WIKIMEDIAA new test predicts Alzheimer’s disease with 93 percent accuracy, according to a study published in Genome Biology. Testing the blood of 202 people for 140 different microRNAs (miRNAs), a team of researchers at Saarland University, in Germany, identified 12 RNA fragments circulating at consistently different levels in healthy people and patients with Alzheimer’s, BBC News reported.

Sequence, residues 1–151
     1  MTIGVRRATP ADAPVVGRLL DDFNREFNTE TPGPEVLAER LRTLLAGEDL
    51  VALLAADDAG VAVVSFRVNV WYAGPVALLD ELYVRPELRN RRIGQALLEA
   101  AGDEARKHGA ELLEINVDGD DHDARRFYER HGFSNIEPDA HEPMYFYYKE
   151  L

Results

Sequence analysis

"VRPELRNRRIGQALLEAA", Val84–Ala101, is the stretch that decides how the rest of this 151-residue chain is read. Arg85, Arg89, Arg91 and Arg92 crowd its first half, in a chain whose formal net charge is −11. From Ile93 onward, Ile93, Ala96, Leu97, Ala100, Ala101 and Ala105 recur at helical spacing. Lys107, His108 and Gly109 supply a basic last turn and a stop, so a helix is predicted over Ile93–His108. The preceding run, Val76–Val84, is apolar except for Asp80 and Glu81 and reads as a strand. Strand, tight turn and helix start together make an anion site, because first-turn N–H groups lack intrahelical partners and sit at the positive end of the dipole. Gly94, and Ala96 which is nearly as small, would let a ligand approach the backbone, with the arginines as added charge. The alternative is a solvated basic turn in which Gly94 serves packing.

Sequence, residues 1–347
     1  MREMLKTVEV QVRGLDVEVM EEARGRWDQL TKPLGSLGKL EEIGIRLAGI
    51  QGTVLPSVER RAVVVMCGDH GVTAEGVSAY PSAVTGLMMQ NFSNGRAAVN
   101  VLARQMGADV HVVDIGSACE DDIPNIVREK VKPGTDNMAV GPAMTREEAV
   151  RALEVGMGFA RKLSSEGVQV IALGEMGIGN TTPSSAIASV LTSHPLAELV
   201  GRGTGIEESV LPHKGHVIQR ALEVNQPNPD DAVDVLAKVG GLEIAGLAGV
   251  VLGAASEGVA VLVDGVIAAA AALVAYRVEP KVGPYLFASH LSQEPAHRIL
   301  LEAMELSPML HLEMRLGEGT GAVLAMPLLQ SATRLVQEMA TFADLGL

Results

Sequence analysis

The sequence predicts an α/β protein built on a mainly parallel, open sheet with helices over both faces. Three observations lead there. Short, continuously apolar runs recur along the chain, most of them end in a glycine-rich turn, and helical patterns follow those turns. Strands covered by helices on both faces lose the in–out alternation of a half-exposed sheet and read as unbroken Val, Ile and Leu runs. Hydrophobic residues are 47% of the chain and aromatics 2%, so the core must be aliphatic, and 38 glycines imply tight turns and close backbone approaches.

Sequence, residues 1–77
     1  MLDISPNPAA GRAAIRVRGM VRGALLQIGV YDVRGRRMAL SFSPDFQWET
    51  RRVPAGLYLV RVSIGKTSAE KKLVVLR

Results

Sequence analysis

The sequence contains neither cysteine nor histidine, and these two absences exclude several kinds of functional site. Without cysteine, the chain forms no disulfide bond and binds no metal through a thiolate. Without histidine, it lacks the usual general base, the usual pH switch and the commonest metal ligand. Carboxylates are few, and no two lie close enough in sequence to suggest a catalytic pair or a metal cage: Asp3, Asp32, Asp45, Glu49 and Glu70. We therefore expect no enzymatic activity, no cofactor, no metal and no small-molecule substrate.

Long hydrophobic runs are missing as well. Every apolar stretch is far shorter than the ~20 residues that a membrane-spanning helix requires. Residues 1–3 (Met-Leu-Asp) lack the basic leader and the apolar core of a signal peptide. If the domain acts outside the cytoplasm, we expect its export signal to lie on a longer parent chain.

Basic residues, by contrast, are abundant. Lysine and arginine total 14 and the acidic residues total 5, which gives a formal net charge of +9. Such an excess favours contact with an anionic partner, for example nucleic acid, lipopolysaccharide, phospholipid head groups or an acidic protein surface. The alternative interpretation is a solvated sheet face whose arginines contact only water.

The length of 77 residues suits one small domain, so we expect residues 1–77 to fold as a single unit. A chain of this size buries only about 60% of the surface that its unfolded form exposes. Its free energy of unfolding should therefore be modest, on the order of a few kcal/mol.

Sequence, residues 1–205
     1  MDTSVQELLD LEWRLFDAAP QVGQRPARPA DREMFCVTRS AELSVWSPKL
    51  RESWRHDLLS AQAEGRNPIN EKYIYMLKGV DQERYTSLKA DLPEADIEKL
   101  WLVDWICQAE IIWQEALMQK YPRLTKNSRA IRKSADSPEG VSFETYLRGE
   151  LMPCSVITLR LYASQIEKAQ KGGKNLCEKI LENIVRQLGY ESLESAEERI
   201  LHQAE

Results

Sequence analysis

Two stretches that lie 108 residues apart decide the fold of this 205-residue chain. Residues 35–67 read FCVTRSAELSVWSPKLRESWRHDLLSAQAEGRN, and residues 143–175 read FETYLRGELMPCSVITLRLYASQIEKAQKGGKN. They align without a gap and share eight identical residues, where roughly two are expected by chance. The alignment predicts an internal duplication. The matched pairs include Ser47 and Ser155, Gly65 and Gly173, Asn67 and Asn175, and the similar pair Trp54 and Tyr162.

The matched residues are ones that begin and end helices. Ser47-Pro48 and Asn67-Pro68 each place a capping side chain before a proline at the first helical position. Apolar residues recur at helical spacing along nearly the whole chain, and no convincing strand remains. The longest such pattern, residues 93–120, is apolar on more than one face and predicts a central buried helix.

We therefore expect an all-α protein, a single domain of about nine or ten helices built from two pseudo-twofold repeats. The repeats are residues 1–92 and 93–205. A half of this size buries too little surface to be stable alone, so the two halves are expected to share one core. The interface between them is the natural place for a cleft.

The neurodegeneration associated with the disease starts years before symptoms of dementia appear, and the test’s high degree of accuracy could help doctors diagnose the disease before large brain regions are damaged. “This is an interesting approach to studying changes in blood in Alzheimer's and suggests that microRNAs could be playing a role in the disease,” Eric Karran, of the charity Alzheimer’s Research UK, told the BBC, though he added that “the translation of this into a blood test for Alzheimer's in the clinic is still some way off. . . . We need to see these findings confirmed in larger samples, and more work is needed to improve the test’s ability to distinguish Alzheimer’s from other neurological conditions.”